Tag Archive | "cycling"

Transport Department’s New Cycling Safety Campaign


As someone who, in a former life, wrote about and participated in the world of mountain bikes and cycling in general, I like to think I am qualified to pontificate on the subject of cycling road safety. As, today, a driver and enthusiastic petrol head of many years standing I also like to think I am qualified to pontificate on the subject of cycling road safety.

I love cycling. The fresh air, the smell of the flowers in the countryside, the burning legs and the rasping lungs all aid and abet a healthy lifestyle. That is until a car slices across your bows as if you aren’t there, or worse, actually has you off. It has happened to me more than once.

Conversely, I like to make sure that I go for a long walk every day to clear the mind and the tubes. In the last week I have had three near misses from cyclists riding on nbso the pavement or the forest path who have approached from behind with no advance warning. I walk in a straight line, small children do not.

The whole point is that both groups, the two wheeled and the four, are both sinners and sinned against. The positions are polarised. Red-faced drivers rant against cyclists and Lycra-clad monomaniacs hate all things motorised. So, once again, the Department for Transport at the time of writing is having a crack at a new ‘Think’ campaign designed to improve safety for cyclists. Some city dwellers will see signs and posters in the near future.

Certainly we could all do better. The fact is that these things are always slanted towards the two-wheeled community because, quite rightly, they are far more vulnerable but the bad road behaviour of some cyclists is overlooked because of that vulnerability. There is no need to cycle on pavements on quiet roads. There is no need to buzz past pensioners who are not too quick on their feet. There is no need to ignore the rules of the road.

The Highway Code is there for all. We don’t want to see a rise in cycling fatalities but equally we don’t want the motorist shouldering all the blame.

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Two Wheels Good, Four Wheels Bad


Show of hands. Do you prefer cycling or driving? Thought so – you wouldn’t be on this page, otherwise. Nevertheless, you can do both. It’s allowed. Cycling is, after all, great exercise and you are out of the tin box and into the fresh air. The trouble is that cycling as a pastime or a mode of transport has been high-jacked in recent years by a sort of two wheeled single interest group who will have no truck with any ideas but their own.

The problem with these monomaniacs is they can’t see the wood for the trees. The ideas that they promote take no account whatever of the problems caused by following their strict doctrine. Let me explain. These hardcore obsessive’s believe that cars are the work of the devil and that they alone are responsible for the eco-ills of the world even though that is not true. Many different issues combine to do that. Certainly they use cars – which is something of an hypocrisy – but they think that motorised vehicles should be controlled to an infinite degree. This is fine up to a point if the rider concerned is a city dweller. Moving about our major urban areas on a bike makes a lot of sense but it’s only a percentage of the population who can do that. Most of us, for one reason or another, need a car.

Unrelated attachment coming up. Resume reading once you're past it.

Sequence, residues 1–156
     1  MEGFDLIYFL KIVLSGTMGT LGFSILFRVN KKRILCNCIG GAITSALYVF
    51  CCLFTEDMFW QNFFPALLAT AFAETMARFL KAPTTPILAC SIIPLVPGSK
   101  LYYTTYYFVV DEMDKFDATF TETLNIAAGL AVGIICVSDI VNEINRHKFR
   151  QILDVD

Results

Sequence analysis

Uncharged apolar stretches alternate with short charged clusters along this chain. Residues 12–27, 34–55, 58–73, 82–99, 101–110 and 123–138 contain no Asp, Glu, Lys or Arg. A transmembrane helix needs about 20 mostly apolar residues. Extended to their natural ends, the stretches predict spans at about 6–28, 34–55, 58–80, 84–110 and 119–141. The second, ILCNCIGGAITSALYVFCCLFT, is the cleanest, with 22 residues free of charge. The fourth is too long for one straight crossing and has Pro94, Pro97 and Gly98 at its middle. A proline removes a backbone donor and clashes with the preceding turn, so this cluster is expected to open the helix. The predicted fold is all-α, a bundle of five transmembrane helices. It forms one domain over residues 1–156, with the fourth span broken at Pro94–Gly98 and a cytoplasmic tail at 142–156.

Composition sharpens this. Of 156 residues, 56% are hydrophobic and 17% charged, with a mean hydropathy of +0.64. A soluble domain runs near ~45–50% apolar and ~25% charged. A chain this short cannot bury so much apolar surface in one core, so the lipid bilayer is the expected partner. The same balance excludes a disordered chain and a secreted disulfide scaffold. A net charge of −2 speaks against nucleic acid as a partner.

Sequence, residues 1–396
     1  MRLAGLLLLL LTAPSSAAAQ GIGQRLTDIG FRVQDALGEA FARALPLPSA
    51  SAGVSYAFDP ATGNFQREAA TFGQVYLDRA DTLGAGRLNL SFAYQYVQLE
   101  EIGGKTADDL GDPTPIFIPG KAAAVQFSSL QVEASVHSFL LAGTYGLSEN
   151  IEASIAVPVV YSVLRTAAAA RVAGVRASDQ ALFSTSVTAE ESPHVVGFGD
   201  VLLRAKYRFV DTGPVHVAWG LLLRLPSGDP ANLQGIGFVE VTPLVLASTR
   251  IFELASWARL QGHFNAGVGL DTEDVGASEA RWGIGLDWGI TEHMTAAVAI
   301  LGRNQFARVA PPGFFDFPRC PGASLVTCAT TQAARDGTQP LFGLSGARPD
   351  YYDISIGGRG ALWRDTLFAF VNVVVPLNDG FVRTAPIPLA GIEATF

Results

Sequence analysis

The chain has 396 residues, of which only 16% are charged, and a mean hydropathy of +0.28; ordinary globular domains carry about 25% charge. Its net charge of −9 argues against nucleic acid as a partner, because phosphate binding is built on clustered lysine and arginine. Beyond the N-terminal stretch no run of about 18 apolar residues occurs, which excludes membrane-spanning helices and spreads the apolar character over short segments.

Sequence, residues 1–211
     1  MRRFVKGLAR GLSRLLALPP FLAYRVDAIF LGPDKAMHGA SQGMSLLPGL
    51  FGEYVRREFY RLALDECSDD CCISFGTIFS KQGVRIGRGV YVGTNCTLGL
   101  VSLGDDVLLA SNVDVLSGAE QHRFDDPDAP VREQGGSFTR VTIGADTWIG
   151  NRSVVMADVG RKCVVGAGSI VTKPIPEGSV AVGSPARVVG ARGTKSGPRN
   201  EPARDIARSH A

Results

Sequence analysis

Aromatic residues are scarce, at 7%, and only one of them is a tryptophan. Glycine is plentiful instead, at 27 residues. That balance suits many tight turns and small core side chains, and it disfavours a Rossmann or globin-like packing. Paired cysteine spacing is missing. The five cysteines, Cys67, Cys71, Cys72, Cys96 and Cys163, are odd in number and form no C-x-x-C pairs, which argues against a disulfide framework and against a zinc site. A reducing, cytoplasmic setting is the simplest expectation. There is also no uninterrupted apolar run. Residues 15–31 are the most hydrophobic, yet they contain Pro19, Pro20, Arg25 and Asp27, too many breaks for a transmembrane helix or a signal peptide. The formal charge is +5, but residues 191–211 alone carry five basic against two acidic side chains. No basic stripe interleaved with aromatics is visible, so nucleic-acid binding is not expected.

One of the most argued points – and one that will come to fruition – is the twenty mile-per-hour speed limits in built up areas. If these bike riders care about the environment as much as they say then do they not realise that a car going at 20mph creates more pollution that one going at thirty.

This is because, almost certainly, the car will have to be propelled in a lower gear, causing the engine to work harder and thus create more emissions. Simple and obvious. The majority of cars will be fine in fourth gear at 30mph using low revs; at twenty it’s a different story.

Holland is held up as an enlightened country when it comes to cycling and this is indeed true. The difference is that, from the outset of modern motorised transport they understood that, as a cycling nation anyway, they would have to build their cyclist infrastructure alongside that of cars. That’s the key.

In the UK, we have idiotic councils who, in a ‘we must be seen to be green’ sort of way, put in ridiculous little bits of cycle lanes almost as an afterthought. You’ve seen the pictures in the press. The safety of bike riders will only be fully sorted when true, dedicated cycle lanes criss-cross the entire country, regardless of whether it is urban or countryside.

Motorists get a bad press. Certainly there are many idiots out there – it’s why we have laws – but most drivers are perfectly responsible and know full well that they must drive with safety in mind, especially in busy urban areas. If the argument against cars were more even-handed then maybe we would all get on our bikes.

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